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Apply thine heart unto instruction, and thine ears to the words of knowledgo.
Proo. 23: 12
E EducT 758.61.300
ENTERED, according to Act of Congress, in the year 1852, by
L. T. COVELL,
ENTERED, according to Act of Congress, in the year 1853, by
L. T. COVELL,
ENTERED, according to Act of Congress, in the year 1860,
By D. APPLETON & COMPANY, In the Clerk's Office of the District Court of the United States for the Southern
District of New York.
TEE author of the following work, conscious of the responsibility which must be incurred by one who appears before the public in the character of a Teacher of Grammar, has endeavored faithfully to reduce to a concise yet comprehensive system the true principles of that language in which his thoughts are presented to the world: not to deviate widely from those works which have been highly approved, but to form a consistent and practical digest of established rules: not to be satisfied with the researches and labors of others, but to examine, think, and write for himself: not to subvert the popular system of grammar, but to add to it some new features, and to improve upon those already received. While this must be the result of great labor and skill, eighteen years of patient study and practical experience in teaching, give him, he trusts, some ground of confidence upon which to claim the attention and consideration of those, who, like himself, are engaged in the educational profession : a profession, at once, arduous, honorable, and laudable.
About ten years since, at which time the present work was undertaken, the author was engaged in giving Lectures on English Grammar. During the three years thus employed, and his subsequent career in teaching, for his own information, he has critically examined the principal English Grammars which have been issued, of which there are about 400, and diligently compared their definitions and rules with each other, and tested them by a constant reference to the usage of standard writers. While intent upon this investigation, their various arrangements and methods of teaching have been As carefully considered ; and he persuades himself that the improvements here offered will be found useful to the learner, and acceptable the Teacliar.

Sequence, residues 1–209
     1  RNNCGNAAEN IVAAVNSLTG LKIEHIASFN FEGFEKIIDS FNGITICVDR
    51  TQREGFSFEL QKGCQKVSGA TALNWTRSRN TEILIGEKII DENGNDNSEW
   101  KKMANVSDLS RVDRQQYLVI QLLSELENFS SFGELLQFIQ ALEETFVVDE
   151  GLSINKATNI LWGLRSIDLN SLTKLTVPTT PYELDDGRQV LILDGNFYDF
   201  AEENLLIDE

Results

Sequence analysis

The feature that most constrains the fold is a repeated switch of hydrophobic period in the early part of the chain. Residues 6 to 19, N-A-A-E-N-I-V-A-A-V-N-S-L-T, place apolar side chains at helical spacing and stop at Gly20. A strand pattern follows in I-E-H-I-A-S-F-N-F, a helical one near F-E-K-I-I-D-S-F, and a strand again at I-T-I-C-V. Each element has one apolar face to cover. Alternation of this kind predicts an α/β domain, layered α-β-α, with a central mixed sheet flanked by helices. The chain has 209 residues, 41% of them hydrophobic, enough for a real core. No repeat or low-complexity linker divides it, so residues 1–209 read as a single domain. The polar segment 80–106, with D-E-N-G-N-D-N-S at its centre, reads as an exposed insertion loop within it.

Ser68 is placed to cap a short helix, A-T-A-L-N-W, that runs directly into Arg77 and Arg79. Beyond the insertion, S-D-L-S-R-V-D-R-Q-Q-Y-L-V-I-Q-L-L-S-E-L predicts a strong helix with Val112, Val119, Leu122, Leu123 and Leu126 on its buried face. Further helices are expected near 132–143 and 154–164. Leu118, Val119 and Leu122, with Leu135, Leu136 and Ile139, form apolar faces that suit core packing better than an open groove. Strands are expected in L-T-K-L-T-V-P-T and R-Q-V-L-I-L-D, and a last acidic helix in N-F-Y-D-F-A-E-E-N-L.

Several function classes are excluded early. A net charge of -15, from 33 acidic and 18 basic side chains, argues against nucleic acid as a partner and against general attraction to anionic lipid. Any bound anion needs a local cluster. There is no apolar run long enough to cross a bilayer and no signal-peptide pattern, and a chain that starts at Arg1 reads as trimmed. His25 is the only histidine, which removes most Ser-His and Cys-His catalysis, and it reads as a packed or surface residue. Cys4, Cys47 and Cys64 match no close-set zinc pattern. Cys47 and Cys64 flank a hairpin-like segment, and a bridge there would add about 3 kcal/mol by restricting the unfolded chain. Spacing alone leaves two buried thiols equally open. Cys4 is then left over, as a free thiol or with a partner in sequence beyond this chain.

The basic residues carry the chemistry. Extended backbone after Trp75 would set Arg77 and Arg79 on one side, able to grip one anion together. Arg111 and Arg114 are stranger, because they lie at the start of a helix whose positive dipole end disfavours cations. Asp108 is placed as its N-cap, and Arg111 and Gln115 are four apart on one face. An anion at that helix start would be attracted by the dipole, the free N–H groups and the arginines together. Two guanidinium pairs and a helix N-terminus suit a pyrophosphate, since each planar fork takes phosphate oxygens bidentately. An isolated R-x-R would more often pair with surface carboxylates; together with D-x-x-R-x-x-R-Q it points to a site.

In accordance with a correct and popular sentiment, now quite general, the author permits his work to speak for itself; and wishes its success to rest entirely upon its intrinsic merits. To this end, he would invite the reader to a careful perusal and estimation of its worth. So far as his views, plan, and labors, may contribute to the intellectual culture of the rising gen. eration, it will be the height of his ambition, if, in the opinion of competent judges, he shall be regarded as having neither “run nor labored in vain.”
In the plan of the work, each principle has bsen carefully arranged, and